If you’re a cat owner, it’s a good idea to feed your cat wet food. This ensures that your cats are fully hydrated before you leave them. This is important because cats usually drink much less water when compared to dogs.
7. Install A Blackout Curtain
Most of the heat that enters a camper van comes from the front. This is because that’s where the largest windows are. And while sunshades and window film work great to block out most of the heat transfer, the front of the van can still get very warm if the vehicle is left out in the sun all day long. No insulation works 100%.
But you can help to slow down the heat transfer rate between the front and the rear part of the van by installing a blackout curtain. These curtains do a good job of trapping the heat in the front part of the van and we would estimate gets you an extra hour or two before the rear part of the van becomes dangerously hot.
8. Get An Outdoor Pet Tent
If you’re parked in a safe area, like at a campsite, you can keep your pet cool by keeping them in an outdoor tent enclosure. This is a great solution so that your pet can remain outside the van, but still in a safe and protected environment.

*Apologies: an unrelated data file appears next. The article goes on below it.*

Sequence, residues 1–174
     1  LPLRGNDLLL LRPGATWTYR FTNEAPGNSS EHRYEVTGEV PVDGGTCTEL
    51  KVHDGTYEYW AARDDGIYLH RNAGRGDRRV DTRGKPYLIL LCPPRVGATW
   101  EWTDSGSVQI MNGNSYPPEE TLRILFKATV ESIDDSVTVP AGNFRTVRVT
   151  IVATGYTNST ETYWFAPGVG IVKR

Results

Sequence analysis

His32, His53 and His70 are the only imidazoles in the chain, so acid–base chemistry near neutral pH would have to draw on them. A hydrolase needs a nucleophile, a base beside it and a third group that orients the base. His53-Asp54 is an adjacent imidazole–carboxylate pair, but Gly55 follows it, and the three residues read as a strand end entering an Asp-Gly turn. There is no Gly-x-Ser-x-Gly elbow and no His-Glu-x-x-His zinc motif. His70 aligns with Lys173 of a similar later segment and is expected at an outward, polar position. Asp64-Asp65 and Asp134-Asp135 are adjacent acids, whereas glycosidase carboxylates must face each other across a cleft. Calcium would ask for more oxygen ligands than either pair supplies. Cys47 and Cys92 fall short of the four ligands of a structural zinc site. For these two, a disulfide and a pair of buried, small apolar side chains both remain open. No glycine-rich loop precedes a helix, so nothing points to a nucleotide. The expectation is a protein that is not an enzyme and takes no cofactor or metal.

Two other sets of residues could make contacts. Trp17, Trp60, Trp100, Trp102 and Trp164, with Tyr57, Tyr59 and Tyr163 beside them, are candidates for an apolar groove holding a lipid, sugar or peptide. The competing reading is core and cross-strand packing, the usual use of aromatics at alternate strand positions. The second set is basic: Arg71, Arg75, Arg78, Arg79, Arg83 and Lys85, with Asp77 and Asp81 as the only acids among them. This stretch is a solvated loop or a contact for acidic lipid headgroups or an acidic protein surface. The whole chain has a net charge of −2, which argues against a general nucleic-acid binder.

9. Install A Temperature Sensor For Pets
An indoor temperature sensor is perfect for those that want to know the exact temperature of the inside of their van at all times. You can set an alarm so that you can receive a text or email if the temperature rises above or goes below a certain temperature.
However, this sensor does require a monthly subscription to function properly and so it isn’t the cheapest solution available. But for those that have the money to spend, this is a very useful device that provides great peace of mind.